The state's largest school district received disappointing results from the Oklahoma State Department of Education.
Out of 93 sites in Oklahoma City, 39 schools received "F" letter grades. Only 10 schools received an "A" in the district. While the letter grades were not what district officials wanted to see, they have already started the process of moving forward with the goal of improving.
Lee Elementary School is one of the schools that got and "F" from the state. Principal Shelley Deas said it was a frustrating result. She said her team of teachers deals with extra challenges every day. She said Lee Elementary is a 99% poverty school.
Out of about 700 K-5th graders in the school, only 70 speak English as their first language. Many students show up to Lee Elementary School unable to speak any English.
"It takes five years to become proficient in a language. That's all of elementary school, so we're always going to struggle with that test, and it's hard for me to see us set an English test down in front of an English speaking and we can't read it to them and they can't read it. It's hard," explained Deas.
Beyond the language barrier, Deas said that many of the students have unstable lives outside of school. They have a high mobility rate of student moving from school to school, a high number of incarcerated parents and a high number of students whose parents have been deported.
To tackle the issues, Deas and her team of teachers implemented an hour of intense, small group work. The goal is to give students more one-on-one attention in phonics, reading, and comprehension. Deas said she has been proud of the improvements that her teachers have made with the students.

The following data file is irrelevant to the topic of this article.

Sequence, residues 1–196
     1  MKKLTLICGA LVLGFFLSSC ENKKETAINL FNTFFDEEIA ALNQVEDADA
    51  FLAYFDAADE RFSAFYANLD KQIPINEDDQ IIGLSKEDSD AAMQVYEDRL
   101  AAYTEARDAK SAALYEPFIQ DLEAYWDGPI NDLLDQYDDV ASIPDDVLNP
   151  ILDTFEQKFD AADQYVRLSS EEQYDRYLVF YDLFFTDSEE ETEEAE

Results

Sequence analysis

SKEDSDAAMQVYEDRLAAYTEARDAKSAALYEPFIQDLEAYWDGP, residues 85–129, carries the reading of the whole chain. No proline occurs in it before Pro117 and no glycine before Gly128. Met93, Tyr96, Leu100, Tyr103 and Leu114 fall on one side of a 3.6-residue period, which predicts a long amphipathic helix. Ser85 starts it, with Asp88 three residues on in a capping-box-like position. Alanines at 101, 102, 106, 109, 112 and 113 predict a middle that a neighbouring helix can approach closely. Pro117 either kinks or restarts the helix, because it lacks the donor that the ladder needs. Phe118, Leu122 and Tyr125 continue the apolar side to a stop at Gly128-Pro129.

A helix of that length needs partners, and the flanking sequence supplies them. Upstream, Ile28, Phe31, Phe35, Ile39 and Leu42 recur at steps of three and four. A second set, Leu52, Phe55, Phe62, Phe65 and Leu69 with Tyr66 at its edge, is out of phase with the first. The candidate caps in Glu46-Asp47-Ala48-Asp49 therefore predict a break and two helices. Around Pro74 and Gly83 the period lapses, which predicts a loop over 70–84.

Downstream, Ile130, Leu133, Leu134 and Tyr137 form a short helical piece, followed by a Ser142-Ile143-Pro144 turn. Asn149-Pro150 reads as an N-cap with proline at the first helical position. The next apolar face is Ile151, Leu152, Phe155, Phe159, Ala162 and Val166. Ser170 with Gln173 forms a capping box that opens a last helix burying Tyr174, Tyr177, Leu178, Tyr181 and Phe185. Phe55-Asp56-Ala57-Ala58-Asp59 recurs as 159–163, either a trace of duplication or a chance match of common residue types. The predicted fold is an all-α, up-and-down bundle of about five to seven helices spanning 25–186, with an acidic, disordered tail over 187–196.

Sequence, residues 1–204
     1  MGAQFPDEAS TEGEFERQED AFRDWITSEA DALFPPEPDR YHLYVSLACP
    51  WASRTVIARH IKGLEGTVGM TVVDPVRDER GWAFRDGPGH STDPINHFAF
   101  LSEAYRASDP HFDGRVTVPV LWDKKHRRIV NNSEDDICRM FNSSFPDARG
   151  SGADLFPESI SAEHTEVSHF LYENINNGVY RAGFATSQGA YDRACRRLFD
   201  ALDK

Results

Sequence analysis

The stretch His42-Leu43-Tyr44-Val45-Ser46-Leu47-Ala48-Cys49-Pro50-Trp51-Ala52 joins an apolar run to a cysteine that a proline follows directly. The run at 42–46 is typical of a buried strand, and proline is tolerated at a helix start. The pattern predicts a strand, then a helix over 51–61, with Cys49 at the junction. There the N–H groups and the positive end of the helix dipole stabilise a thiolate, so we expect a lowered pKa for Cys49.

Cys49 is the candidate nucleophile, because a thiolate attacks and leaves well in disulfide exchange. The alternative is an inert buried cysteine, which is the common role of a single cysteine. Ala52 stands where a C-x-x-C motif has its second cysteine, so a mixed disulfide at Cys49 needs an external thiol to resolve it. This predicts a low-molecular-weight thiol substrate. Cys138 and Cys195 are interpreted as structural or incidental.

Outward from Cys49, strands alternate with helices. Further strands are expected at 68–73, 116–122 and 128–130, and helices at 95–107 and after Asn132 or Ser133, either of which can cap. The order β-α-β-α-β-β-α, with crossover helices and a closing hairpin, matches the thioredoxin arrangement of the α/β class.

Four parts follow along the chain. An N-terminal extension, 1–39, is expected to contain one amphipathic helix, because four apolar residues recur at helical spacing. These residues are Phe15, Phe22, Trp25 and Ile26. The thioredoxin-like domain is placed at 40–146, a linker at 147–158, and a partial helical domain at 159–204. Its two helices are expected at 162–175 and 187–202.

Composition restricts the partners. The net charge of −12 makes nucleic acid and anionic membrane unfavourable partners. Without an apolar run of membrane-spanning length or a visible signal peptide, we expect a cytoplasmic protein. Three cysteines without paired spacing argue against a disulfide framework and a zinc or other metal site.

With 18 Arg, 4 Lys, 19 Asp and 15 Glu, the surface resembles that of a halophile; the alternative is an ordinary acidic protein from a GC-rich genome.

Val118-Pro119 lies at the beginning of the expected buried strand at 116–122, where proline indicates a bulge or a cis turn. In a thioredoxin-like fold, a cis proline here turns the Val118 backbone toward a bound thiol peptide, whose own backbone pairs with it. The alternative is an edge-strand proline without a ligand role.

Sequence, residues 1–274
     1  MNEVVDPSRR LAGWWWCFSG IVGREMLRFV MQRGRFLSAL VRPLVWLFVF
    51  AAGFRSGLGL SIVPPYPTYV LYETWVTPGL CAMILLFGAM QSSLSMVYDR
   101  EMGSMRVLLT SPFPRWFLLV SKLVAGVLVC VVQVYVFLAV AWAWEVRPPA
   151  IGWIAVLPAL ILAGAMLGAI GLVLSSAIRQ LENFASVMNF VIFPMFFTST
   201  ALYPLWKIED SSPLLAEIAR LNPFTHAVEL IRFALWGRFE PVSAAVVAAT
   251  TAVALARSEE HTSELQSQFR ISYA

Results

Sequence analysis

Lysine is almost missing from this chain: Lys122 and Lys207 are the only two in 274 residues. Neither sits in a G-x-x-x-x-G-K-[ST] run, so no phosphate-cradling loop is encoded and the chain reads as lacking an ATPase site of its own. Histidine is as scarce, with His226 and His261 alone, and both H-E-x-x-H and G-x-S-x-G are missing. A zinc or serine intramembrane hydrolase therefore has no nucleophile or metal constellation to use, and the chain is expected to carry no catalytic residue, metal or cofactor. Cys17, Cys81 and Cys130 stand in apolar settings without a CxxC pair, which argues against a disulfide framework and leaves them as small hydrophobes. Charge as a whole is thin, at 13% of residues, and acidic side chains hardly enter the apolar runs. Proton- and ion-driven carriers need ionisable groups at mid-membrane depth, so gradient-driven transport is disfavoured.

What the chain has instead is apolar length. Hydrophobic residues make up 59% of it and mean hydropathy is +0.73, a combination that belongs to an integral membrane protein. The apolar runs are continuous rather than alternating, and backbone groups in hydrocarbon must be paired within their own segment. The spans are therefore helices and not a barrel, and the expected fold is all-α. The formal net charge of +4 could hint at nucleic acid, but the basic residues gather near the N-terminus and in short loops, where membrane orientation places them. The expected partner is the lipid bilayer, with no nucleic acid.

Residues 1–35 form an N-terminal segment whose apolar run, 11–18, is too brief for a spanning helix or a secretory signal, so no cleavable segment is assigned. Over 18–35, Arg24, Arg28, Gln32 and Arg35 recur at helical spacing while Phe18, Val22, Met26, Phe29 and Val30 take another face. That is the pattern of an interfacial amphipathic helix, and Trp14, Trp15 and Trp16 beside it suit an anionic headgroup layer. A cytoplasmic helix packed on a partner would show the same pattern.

"Our kids made gains. Our teachers worked very hard, our kids worked very hard and we made gains," she explained.
But those improvements didn't show up in the state's grade. The school dropped from a "D" in 2012 to an "F" this year. Deas said many on her staff were frustrated after the grade came out because they had shown improvements in testing.
"In third grade, last year 20% of our students were satisfactory. This year 53% were satisfactory. Same thing in fourth grade, we had about 15-20% satisfactory last year, this year 43% satisfactory."
The school has been under Deas' leadership for two years. She said she implemented many changes and is confident that moving forward, the school will improve in the state grading system. She cited the fact that student in K-2 have already been testing 70% higher than those grade have in the past five years.
Once those students reach 3rd grade, their test scores will count toward the state grade. Deas said that she believes the younger kids will be the first to show enough improvement to make an impact on their grade.